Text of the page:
Tuesday, January 09, 2007

Cliches that need to be wiped from the crust of the earth

Sports bloggers, unite! Let us vow never to use the following two cliches.

At the end of the day
I hear this phrase about 40 times a day. Let us resolve never to use it. Sometimes it even gets combined with other phrases that mean the same thing:

"What it comes down to, ultimately, at the end of the day is that the bottom line is you got thrown under the bus."

Which brings us to:

Throw/thrown/threw under the bus
Be creative. How about "Terrell Owens stuck a load of TNT up Donovan McNabb's ass." How about "Terrell Owens carried Jeff Garcia to the top of a roof and dangled him by the ankles before dropping him." Why is the only violent image of betrayal and blame used in sports today "threw under the bus"? It's replaced "stabbed in the back" as an overused cliche. I would even accept "Terrell Owens kicked Andy Reid in the crotch, stabbed his eyes out, and then led him into the road into oncoming traffic."

Which reminds me of my favorite joke:
Q: Why did the little girl get hit by a bus?
A: Because somebody sawed off her arms and legs and set her in the road.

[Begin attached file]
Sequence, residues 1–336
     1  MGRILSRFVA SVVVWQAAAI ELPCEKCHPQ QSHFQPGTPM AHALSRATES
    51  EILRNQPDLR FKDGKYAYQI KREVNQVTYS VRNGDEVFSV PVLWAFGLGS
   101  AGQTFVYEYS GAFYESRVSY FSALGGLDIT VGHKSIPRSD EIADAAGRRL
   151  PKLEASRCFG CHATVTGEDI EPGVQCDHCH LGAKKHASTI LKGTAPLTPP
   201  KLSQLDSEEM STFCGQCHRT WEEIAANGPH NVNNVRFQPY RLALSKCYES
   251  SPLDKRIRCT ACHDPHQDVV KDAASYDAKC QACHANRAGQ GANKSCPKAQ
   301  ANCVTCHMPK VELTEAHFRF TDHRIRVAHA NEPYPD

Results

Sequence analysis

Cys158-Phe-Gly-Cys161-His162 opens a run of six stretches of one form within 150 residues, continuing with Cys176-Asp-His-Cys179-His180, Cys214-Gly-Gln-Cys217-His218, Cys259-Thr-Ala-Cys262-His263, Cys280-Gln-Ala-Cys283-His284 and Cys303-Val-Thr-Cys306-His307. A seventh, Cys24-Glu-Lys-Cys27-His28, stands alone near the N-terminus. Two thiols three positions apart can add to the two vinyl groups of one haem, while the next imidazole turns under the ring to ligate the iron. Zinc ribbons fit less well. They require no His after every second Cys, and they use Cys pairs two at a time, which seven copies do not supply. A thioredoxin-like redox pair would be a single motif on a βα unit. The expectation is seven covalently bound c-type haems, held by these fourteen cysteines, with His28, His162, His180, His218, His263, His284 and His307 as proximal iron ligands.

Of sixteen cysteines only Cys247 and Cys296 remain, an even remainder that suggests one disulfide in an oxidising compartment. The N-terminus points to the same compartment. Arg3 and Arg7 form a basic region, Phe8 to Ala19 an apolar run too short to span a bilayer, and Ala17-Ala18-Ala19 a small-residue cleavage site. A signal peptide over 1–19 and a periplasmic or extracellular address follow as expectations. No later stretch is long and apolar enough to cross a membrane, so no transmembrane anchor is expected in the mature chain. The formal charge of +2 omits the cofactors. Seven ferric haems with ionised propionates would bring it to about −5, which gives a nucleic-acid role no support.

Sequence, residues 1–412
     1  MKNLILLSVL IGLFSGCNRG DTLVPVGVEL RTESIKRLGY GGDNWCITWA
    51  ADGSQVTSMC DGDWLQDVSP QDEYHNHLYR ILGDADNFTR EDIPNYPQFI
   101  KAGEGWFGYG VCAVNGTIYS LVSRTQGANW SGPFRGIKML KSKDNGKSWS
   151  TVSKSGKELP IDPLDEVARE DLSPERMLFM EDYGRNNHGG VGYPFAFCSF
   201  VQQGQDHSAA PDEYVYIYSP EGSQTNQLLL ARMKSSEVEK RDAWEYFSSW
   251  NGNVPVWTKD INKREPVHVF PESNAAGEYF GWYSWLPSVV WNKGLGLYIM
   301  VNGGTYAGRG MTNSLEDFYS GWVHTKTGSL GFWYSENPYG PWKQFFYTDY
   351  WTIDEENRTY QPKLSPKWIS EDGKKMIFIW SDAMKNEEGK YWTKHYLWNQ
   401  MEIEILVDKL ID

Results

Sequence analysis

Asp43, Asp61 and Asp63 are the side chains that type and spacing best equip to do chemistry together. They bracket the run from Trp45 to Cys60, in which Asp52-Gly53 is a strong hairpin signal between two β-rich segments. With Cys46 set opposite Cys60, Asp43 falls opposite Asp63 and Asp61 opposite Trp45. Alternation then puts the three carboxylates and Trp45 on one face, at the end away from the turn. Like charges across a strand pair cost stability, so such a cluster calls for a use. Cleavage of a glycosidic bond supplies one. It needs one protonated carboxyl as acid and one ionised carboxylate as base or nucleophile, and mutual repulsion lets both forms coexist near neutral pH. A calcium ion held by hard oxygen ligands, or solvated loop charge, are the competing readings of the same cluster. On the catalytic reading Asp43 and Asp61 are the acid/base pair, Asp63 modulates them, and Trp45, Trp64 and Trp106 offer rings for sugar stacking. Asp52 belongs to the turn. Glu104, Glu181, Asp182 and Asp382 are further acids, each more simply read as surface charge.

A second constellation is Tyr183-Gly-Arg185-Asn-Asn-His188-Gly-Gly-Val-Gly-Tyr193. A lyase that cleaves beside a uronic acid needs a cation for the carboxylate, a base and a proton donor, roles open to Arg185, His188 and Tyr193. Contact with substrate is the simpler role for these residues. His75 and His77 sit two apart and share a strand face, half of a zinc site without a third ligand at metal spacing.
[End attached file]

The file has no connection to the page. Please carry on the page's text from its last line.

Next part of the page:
So here at PV, we are replacing "thrown under the bus" with "got his arms and legs sawed off and set in the road."

And finally, here's a cliche that I welcome keeping:

It is what it is
I need this cliche. You need this cliche. We all need this cliche. I say "It is what it is" when my wife does something that upsets me and then asks if I'm mad. I don't have to say "It's OK," I don't have to say "Yes, I'm upset," I can just say "It is what it is." Such as:

PF: Honey, I signed us up for an all-day Saturday class on breastfeeding.
VV: (dead silence, staring out the window)
PF: Oh, are you upset about that?
VV: It is what it is.

So, at the end of the day, I don't want to throw "it is what it is" under the bus. But I don't want any sportswriter, blogger, coach or athlete so say "at the end of the day" or "thrown under the bus" ever again.

(By the way, why "the" bus? Is there a specific bus for throwing people under? How about "a" bus? Well, it will never matter for us again).

3 comments:

  1. C'mon!!! I like "thrown under the bus!"

    "Thrown under the bus" is like "left for dead."

    I don't know if I can promise you I can stop using bus related cliches.

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  2. I can't stand the ever increasing hyperbole. Mike Greenberg, after the Patriots-Jets game, called Brady the best big game quartback he had ever seen. This may be true, but please, after a first round wild card game?

    Also, thanks for the links. Both, here, and at your other site which I haven't completely investigated yet.

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  3. This post is what it is, and at the end of the day, I can't believe you're throwing the cliche-happy humans under the bus!

    ReplyDelete